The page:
Just create a "personality" on an obsolete device and offer it for sale. Sounds like a BOFH idea if I ever saw one. Random number generators and large account balances ought to make for a tidy profit. Of course they could be pointed to honeypot devices to catch the crooks, but I doubt that banks would go that far. Way too costly for them, being easier to pay off the suckers that got taken.
50 quid? That is a pretty cheap citation here in sunny (well, it did rain yesterday) California. Minimum fines for anything involving a moving vehicle will set you back over $200 before you can say "traffic school". If you don't, the price goes up.
Unfortunately (or fortunately depending) the enforcement isn't that good, and yes people keep blabbing away!
The only thing that is that cheap is a parking ticket, which varies quite a bit, but usually less than $100.
At current exchange rate of $1.50 to the pound (or so).
When they first came out, what we now call MRI (Magnetic Resonance Imaging) was called Nuclear Magnetic Resonance, or NMR imaging. It was called that because the atoms at the nuclear level were excited by a large magnet. It has absolutely NOTHING to do with any decaying material that is associated with things like Nuclear power plants (or atom bombs). To have something called "nuclear" in a hospital providing images people thought of X-rays and the like and assumed that it wasn't healthy for them so they refused to take part, even though is was probably safer than a normal X-ray. With a small name change (removing the work "Nuclear") and Presto-Chango, no problem.
I am also reminded of a picture my brother-in-law took of a remote monitoring station that was unattended for most of the year. In an effort to reduce vandalism, they put up a sign that said "Danger xxxxxx Radiation" (I don't remember the xxx Part). It was a statement of the radiation from the Sun, but with a large number and the word "Radiation", it did the trick.
Normal people just don't understand. These things are ALL around us, and they aren't going away. Sure if you have ingested micrograms of Plutonium, you will possibly die, you can also die from other stuff, Cyanide comes to mind.
We never learn! The sad part is we probably never will.
My early entry into computers of the age (1976 or so) was with 6800 (Motorola) processors. I ended up designing a floppy disk interface (using a 5 1/4 "minifloppy") with then a wonderful single chip controller (WD 1771). I ended up writing an "operating system" that used the floppy disk as secondary storage, and it worked quite well, even adapting to any memory size it was given (8k bytes up to 60k bytes). I even adapted the Basic of the time (not Bill's) and a text editor. It was a going machine. I ended up making test fixtures for Qume Daisy wheel printers, and all was well with the world. The system was based on the prototype boards I had at the time (44 pin cards). Pretty simple for the day. A few years later I had boxes working as answering service computers based on this design. That lasted for a few years (1983) until the company went Chapter 7. Oh well, life in the big city, in a galaxy far far away, a long time ago.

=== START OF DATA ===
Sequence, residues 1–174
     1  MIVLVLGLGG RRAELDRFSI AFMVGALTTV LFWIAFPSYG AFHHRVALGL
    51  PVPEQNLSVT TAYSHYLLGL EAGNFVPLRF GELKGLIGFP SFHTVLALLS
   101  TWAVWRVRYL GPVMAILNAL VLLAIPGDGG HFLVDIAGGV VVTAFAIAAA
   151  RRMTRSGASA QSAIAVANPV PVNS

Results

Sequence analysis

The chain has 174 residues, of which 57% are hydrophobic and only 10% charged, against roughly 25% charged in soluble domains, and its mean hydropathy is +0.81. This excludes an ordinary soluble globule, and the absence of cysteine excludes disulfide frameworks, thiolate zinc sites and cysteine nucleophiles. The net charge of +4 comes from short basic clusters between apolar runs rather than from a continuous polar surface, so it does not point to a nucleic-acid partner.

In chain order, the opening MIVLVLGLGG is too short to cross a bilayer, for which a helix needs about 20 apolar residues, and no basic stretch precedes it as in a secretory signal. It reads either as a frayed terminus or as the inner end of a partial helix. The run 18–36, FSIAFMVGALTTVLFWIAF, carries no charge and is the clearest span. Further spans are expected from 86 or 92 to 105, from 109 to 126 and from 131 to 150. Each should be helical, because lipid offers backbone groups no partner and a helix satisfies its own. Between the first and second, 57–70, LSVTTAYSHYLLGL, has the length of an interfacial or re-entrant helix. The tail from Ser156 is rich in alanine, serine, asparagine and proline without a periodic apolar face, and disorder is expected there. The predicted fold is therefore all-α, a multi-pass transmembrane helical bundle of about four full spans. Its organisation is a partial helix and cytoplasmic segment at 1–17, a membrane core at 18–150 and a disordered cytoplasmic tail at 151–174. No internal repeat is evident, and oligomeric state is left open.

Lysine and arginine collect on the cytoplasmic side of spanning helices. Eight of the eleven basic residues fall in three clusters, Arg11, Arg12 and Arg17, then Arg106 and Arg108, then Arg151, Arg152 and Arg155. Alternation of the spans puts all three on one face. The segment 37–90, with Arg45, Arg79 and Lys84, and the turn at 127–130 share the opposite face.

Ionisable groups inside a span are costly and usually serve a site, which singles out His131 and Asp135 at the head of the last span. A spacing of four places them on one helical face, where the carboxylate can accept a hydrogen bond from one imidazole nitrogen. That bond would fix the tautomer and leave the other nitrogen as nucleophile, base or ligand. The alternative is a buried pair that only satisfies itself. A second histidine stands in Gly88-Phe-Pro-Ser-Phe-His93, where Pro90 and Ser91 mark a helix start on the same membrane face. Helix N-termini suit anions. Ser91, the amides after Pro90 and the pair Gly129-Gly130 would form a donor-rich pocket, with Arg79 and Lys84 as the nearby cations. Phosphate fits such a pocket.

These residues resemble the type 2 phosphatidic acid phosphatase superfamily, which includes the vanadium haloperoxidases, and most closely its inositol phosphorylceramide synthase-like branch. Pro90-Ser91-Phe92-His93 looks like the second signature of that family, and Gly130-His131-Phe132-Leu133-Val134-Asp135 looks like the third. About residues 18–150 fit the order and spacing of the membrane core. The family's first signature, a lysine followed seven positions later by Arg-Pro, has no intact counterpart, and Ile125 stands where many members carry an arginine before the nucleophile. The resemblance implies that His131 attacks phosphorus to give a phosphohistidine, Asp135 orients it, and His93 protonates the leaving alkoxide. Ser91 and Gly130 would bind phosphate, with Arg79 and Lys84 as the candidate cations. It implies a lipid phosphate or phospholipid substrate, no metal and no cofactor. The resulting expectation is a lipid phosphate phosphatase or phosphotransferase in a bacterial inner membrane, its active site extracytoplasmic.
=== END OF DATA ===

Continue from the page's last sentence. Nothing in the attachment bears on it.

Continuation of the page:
It was FUN though!
If they allow ISP's to inspect content, why not allow a phone company "inspect" the voice channels (voice recognition is improving) and sell the "keywords" found to telemarketers. It IS equivalent.
Of course, "inspection" on voice channels is VERY illegal, and wouldn't be tolerated by anyone, so why would digital information be any different.
In a word: DUH!
Here in the wonderful state of California (left coast) we have a silly lottery that collects a "stupidy tax" from its users. I feel that this is a similar means to "voting" and it has (look, money is involved!) lots of audit trails. This shows that it CAN be done if there is a will. The bigger question is if it NEEDS to be done. The obvious answer to that is NO, as compared to the Stupidity tax collector (yes, I contribute as well), voting takes place a fraction of the times per year. Since going away from the punch cards and their hanging chad (which is almost impossible to purposefully make unless you spindle the cards) we have had the e-voting methods (touch screens) for a couple of elections, and now we have decided to use optical mark readers (pencils anyone!). Original ballots that my parents used before the punch cards were the big old fashoned ones that you used a dumb rubber stamp to put an 'X' in the proper box. The optical readers then were human, and all was well with the world. Now we are back to square one, which is probably a "good thing".
The more things change the more they stay the same. (*SIGH*)
Well, we don't have that at our homes. Sorry. We have these nice little plugs that supply 120 volts to our electric devices and those work quite nicely. Our lights and TVs don't flicker either being that they are at the proper frequency of 60Hz, not some french idealism frequency.
Sure we have 240 volts for those items that slop up the amps (like kitchen ranges), but those are mostly wired in place.
As for three phase, even here there are two standards, 120-208 'Y' three phase, and 240 'Delta' three phase, where there is a "hot leg" that is 208 bolts above the neutral, which is actually the center tap of the 120-0-120 size. And yes, I've worked with both of them. Sure three phase is nice to have if you are making DC for the battery, but if you don't have it, why bother. The problem is that when you make DC from the mains, you don't conduct over the entire cycle (power factor stuff), and the utilities don't like that. Three phase makes it a bit easier, but it is still a problem. There will always be incompatibilities in any system, and as was said before the "refueling rate" is terrible with electric means.
Electric cars are probably a passing fad anyway, so let the bickering begin. By the time it is all done, we won't need it.